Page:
If you’re not sure what the objective of a scene should be, here’s something Kurt Vonnegut said about sentences, but it could well be applied to films: “Every sentence must do one of two things ⎯ reveal character or advance action.” It may not be a perfect parallel, but it’s also not a bad place to start.
We stole this next suggestion from Pixar, so you know you can trust it. In the book Creativity, Inc. Pixar President Ed Catmull reveals the inner workings of Pixar’s now legendary feedback group known as the “Braintrust.” This group is not only responsible for Pixar’s success, but also helping the studio avert more than a few disasters.
Here is the Braintrust’s criteria for a good note (where note means “piece of feedback”):
“A good note says what is wrong, what is missing, what isn’t clear, what makes no sense. A good note is offered at a timely moment, not too late to fix the problem. A good note doesn’t make demands; it doesn’t even have to include a proposed fix... Most of all, though, a good note is specific. ‘I’m writhing with boredom,’ is not a good note.”
It’s important to recognize that these notes are just that…notes. They don’t propose changes and they most definitely don’t tell the creative what to do. They simply recognize an issue and the person receiving the feedback ultimately has the autonomy to make changes the way they see fit, or not.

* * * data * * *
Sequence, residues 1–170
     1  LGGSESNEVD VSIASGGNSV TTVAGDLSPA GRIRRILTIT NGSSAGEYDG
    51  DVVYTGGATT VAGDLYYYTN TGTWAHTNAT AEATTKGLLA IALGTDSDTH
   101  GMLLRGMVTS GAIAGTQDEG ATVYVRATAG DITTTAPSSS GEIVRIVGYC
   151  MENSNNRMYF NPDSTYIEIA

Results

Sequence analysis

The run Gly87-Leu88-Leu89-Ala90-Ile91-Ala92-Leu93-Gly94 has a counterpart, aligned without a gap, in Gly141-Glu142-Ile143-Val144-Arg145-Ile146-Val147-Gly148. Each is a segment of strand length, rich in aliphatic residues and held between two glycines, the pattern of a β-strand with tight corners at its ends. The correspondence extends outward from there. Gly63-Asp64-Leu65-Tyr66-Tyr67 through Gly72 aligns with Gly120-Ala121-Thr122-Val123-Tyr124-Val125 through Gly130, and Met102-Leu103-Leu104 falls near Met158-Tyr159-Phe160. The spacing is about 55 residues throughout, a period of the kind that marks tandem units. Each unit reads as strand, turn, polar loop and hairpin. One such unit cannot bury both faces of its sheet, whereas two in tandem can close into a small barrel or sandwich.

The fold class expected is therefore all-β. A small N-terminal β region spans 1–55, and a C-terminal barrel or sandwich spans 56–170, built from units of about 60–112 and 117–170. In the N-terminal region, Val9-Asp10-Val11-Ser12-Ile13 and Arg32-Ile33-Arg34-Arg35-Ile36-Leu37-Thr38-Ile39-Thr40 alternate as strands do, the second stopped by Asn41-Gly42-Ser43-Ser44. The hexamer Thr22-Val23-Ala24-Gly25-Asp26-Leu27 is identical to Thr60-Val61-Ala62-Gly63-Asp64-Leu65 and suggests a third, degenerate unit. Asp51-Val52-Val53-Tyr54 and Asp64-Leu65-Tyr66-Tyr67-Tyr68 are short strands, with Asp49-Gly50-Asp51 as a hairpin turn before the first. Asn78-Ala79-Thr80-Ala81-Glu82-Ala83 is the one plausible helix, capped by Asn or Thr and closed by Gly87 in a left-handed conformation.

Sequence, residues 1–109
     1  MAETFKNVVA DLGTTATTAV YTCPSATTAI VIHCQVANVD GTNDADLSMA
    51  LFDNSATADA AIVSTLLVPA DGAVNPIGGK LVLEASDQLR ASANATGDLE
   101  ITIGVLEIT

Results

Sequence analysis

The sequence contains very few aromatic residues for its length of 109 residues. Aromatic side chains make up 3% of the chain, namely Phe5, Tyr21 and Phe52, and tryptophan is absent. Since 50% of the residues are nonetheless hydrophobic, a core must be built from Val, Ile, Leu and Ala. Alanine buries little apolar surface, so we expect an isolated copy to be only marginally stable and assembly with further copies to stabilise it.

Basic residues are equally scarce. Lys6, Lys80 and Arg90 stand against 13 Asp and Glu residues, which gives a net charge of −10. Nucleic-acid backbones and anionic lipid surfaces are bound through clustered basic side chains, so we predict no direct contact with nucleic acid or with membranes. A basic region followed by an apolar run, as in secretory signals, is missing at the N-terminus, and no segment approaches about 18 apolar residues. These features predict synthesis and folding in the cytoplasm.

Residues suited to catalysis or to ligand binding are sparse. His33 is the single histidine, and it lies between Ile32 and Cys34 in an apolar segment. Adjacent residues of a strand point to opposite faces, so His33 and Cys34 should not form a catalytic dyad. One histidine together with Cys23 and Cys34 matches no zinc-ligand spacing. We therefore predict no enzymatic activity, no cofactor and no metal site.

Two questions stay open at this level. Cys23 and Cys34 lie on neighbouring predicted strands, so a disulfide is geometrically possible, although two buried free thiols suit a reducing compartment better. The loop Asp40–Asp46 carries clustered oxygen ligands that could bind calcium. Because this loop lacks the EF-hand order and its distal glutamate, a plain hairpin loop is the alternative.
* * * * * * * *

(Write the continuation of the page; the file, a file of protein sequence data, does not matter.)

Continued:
Pixar’s “Braintrust” is made up of a colleagues and peers, and most notably people not directly involved in the project. They aren’t emotionally tethered to the creation process, and therefore can make the most objective feedback possible.
Less tangibly, but equally important, a good note inspires a director to make changes. Or as Pixar director Andrew Stanton (WALL-E, Finding Nemo) says: “Sometimes you talk about the problems in fifty different ways until you find that one sentence that you can see makes their eyes pop, as if they’re thinking, ‘Oh, I want to do it.’”
Great feedback comes from people who care about a project.
Great feedback comes from people who care about a project. That’s one reason Pixar’s Braintrust works so well. Those people care about the project more than they care about the director’s feelings and more than they care about their own opinions. They get fired up and angry, but that’s just because they’re so passionate about the story they are trying to fix.
Honestly, it’s hard to fix something you don’t care about.
So try to find a way to connect with the project you’re critiquing. Find something about it that you’re passionate about, that you relate to, that you believe is true. Start there. And if you still can’t find it, there’s nothing wrong with admitting you might not be the best person to help fix what’s wrong.
Learning how to give better feedback will make you a better filmmaker and a better collaborator. It will force you to take apart films, understand their insides, and then put them back together again — better this time. It will force you to be humble, to look through other people’s eyes, to help them create a great film because great films are their own reward. It’s not easy. But easy things are rarely worth mastering.